Merkel calls for bailout fund support before vote

By Madeline Chambers

Chancellor Angela Merkel

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Merkel needs to win the parliamentary vote to have a mandate to negotiate a deal with other EU leaders aimed at delivering a range of measures to stop the euro zone debt crisis spiraling.

The bill is set to go through parliament as the government has agreed a joint motion on the plans with the opposition Social Democrats (SPD) and Greens but Merkel still faces a rebellion from within her own center-right coalition.

A test run held on Tuesday showed she is likely to win the vote without having to rely on opposition parties' support -- but only just. In the ballot, a total of 16 lawmakers from Merkel's coalition parties either voted against or abstained.

The proposals, to increase the efficiency of the 440 billion euro ($610 billion) fund without pouring more taxpayers' money into it, are the subject of fierce debate in Europe's largest economy and biggest contributor to the fund.

"The international negotiating position must be to get the best for Germany and for Europe," Merkel told reporters.

"I am bound by my oath of office to avert damage for the German people, to do good for the German people. That must be the guiding principle in my negotiations," she said, adding she was pushing for as much support as possible in the vote.

Merkel is battling sliding ratings for herself and her center-right coalition over her handling of the euro zone crisis and most Germans oppose granting more aid to Greece. Critics at home and abroad have accused her of taking a dithering approach that has exacerbated the debt crisis.

Peter Altmaier, parliamentary floor leader of Merkel's conservative bloc, urged all parties to back the plans.

"Europe expects us to be the standard bearer on this matter and the Bundestag to take a clear position that stretches across the parties," he told reporters.


On Monday, her conservatives unexpectedly announced the Bundestag lower house would hold a full vote on the new guidelines on the European Financial Stability Facility (EFSF).

Merkel's hands have been tied in her negotiations on the euro zone crisis since a Constitutional Court ruling last month demanded a greater say for German lawmakers on bailout issues. That ruling has frustrated some EU leaders eager to implement quick solutions. Even after the summit, Germany's parliamentary budget committee must meet to discuss the outcome.

"The Chancellor wants to have as big a majority as possible. In putting her proposals to parliament as a whole, she is using the Bundestag as a proxy for the general public," said politics professor Juergen Falter of Mainz University.

"It is very unlikely that this won't pass," he added.

Just a month ago, Merkel struggled to contain a rebellion from within her own center-right coalition in a parliamentary vote on the EFSF. She was only five votes short of having to rely on opposition support which would have been a major blow, possibly even triggering early elections.

Falter said she could not be certain of getting the plans through with a "Chancellor's majority" from her own coalition, rather than relying on the opposition this time round.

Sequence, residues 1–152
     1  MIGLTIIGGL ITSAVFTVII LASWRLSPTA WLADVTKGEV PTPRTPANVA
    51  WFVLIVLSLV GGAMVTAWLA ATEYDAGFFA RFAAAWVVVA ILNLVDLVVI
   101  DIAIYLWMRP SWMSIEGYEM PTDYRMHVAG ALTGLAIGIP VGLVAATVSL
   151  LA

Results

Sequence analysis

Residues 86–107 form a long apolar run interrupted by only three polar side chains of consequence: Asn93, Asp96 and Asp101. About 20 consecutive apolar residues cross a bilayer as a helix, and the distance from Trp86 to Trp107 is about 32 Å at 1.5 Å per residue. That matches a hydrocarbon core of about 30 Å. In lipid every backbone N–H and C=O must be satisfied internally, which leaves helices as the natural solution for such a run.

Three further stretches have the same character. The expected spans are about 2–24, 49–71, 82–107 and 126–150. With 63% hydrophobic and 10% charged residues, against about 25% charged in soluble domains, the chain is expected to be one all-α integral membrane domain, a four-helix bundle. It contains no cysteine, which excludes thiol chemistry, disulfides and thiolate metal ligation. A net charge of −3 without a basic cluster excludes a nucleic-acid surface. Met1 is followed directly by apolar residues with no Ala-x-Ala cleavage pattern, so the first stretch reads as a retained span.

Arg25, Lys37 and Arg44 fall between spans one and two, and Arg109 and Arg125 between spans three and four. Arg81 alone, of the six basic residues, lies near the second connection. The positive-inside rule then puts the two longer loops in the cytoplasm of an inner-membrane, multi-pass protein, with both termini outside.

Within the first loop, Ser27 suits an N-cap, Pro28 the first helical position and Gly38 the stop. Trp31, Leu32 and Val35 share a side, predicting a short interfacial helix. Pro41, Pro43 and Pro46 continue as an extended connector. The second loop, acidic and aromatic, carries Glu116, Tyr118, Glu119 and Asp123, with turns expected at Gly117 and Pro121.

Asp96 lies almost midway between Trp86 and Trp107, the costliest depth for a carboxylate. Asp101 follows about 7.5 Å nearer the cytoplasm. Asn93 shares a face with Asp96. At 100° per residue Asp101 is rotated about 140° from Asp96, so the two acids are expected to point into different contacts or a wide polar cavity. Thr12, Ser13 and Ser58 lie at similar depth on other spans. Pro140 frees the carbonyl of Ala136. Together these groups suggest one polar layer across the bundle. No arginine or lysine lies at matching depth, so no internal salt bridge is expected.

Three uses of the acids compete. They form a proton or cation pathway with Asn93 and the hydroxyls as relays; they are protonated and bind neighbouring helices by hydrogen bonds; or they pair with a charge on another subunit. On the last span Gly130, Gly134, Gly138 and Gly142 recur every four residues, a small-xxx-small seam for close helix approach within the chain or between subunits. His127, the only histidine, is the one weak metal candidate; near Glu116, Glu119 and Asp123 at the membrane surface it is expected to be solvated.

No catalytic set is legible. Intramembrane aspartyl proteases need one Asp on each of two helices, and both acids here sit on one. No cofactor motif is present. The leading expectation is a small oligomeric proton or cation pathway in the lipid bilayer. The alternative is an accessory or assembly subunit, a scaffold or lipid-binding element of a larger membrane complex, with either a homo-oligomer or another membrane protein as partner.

"If she didn't get it (the chancellor's majority), it would be a blow in the medium term," said Falter.

The opposition Social Democrats (SPD) and Greens have complained about the lack of time to look at the guidelines but have long argued for stronger tools to tackle the crisis.

"There is a basic agreement between the (ruling) coalition and the opposition," said SPD budget expert Carsten Schneider, adding that parliamentary parties still had to vote on the draft motion.


Merkel's Free Democrat (FDP) coalition partners said they would back the plans.

However, rebels are gearing up to defy Merkel.

"I will again vote "no" as all these measures are not helping to solve the problem in the long run," Wolfgang Bosbach, a prominent CDU rebel who complained of being browbeaten in the run-up to last month's vote.

The EU paper, obtained by Reuters, shows two options for increasing the fund's firepower -- an insurance model and a special purpose investment vehicle (SPIV).

Investors hope leaders will on Wednesday decide which of the two approaches should be used, or a combination.

Bosbach will be joined by FDP waverers who fear the crisis is spiraling out of control.

"I worry that Italy will be attached to the drip. If that happens, the crisis will take on new proportions. No leveraged rescue mechanism in the world will be enough," FDP lawmaker Frank Schaeffler told Handelsblatt.

The conservative Christian Social Union (CSU), which has taken a tougher line on Greece than its sister CDU party and is more skeptical toward Europe, played down the importance of the plans getting through without relying on the opposition.

"We need a majority in the Bundestag, it is certain that we will get that." said Gerda Hasselfeldt, leader of the CSU parliamentary party in Berlin. Asked what it would mean if support fell short of the "chancellor's majority," she said:

"That means nothing for the EU summit, and certainly no weakening of the chancellor."

($1 = 0.720 Euros)

(Additional reporting by Andreas Rinke, Thorsten Severin, Gernot Heller, Alexandra Hudson; Editing by Ruth Pitchford and Stephen Nisbet, Ron Askew)